Utah’s state epidemiologist, Dr. Angela Dunn, got a public show of support from her boss Friday in an effort to dispel a rumor she was being fired.

“Angela’s position is rock solid and she has my full support,” Maj. Gen. Jeff Burton, the acting executive director of the Utah Department of Health, wrote in a statement tweeted Friday morning.

“There is absolutely no truth to the rumor that she is being fired,” Burton wrote. The tweet also said the rumors “are not helpful to our state’s COVID-19 response.”

Burton called Dunn “an outstanding epidemiologist, and her knowledge and insights are essential to our decision-making processes.”

Dunn has been the face of the state’s public health response to the COVID-19 pandemic. That role came into sharp focus last month, when a June 19 memo she wrote — warning the state may need to go into a “complete shutdown” if case counts didn’t drop to 200 a day by July 1 — became public June 22 in a Salt Lake Tribune report.

Two days later, during the state’s weekly COVID-19 media briefing, Dunn, reading from a prepared statement, said the memo was meant to be “a starting point for discussion, and written from one perspective, the public health perspective.”

In an apparent effort to reduce any friction the memo caused, Dunn added, “I’m really proud to work in a state where I feel encouraged to provide my input and my advice, and that leadership will consider it, and weigh it alongside the input from other experts in their field.”

The July 1 deadline came and went Wednesday, and the seven-day average in new cases was well over 500 per day.

Dunn’s absence from the public eye this week had fueled rumors that she may have been ousted. There was no media briefing this week, and Dunn was not in attendance Tuesday at Gov. Gary Herbert’s one public coronavirus-related event, when he greeted a planeload of face masks and other supplies arriving at Salt Lake City International Airport.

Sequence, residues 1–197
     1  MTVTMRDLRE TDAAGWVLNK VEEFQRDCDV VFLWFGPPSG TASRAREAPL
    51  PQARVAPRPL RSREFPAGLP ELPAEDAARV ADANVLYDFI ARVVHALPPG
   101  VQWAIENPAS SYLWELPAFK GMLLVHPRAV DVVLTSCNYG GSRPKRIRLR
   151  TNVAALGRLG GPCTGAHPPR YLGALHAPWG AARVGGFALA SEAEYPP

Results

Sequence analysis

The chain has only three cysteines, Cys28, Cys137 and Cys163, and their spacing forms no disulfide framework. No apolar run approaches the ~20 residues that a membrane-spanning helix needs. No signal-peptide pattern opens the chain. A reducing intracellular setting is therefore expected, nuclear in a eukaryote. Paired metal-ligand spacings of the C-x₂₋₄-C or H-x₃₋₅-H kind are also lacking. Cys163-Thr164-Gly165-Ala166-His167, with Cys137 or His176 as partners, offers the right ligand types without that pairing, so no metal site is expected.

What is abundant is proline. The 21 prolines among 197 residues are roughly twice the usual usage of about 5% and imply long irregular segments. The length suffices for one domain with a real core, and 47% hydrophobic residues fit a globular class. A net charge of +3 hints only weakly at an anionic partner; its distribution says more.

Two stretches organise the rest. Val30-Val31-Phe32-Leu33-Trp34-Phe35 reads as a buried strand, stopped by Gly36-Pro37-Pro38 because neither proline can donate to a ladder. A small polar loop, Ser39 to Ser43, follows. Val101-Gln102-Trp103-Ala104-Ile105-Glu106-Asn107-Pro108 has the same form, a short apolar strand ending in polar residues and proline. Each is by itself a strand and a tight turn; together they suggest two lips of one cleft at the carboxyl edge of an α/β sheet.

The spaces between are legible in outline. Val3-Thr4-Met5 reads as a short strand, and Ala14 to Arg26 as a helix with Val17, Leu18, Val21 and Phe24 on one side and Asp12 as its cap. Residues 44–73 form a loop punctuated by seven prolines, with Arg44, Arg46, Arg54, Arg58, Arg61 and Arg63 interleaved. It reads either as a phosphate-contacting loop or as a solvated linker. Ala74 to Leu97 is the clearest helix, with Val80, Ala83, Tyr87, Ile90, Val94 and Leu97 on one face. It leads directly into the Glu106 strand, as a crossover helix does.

Dunn tweeted Thursday that she and her family “are spending the holiday weekend apart from others, outside in the fresh air, wearing masks IF we go anywhere else. Please do the same.” Her tweet noted that there was a surge of COVID-19 cases after Memorial Day, and “our hospitals can’t handle another one” over the Fourth of July weekend.

In early June, Dr. Robyn Atkinson-Dunn was removed from her job as director of Utah’s public health lab, after she refused to send coronavirus test samples to TestUtah’s hospital lab, which at the time had been deemed “not in compliance” with federal certification guidelines. She was transferred to a job in the health department’s epidemiology bureau, even though she is not trained as an epidemiologist.

Public health experts in some states have been fired or resigned under political pressure during the COVID-19 pandemic. In Florida, the data expert who designed the state’s COVID-19 online dashboard was fired in May — after, she said, she defied a superior’s order to manipulate the data to match target figures for reopening Florida’s economy. In California, the chief health officer in Orange County resigned in early June over political objections to an order that people wear face masks.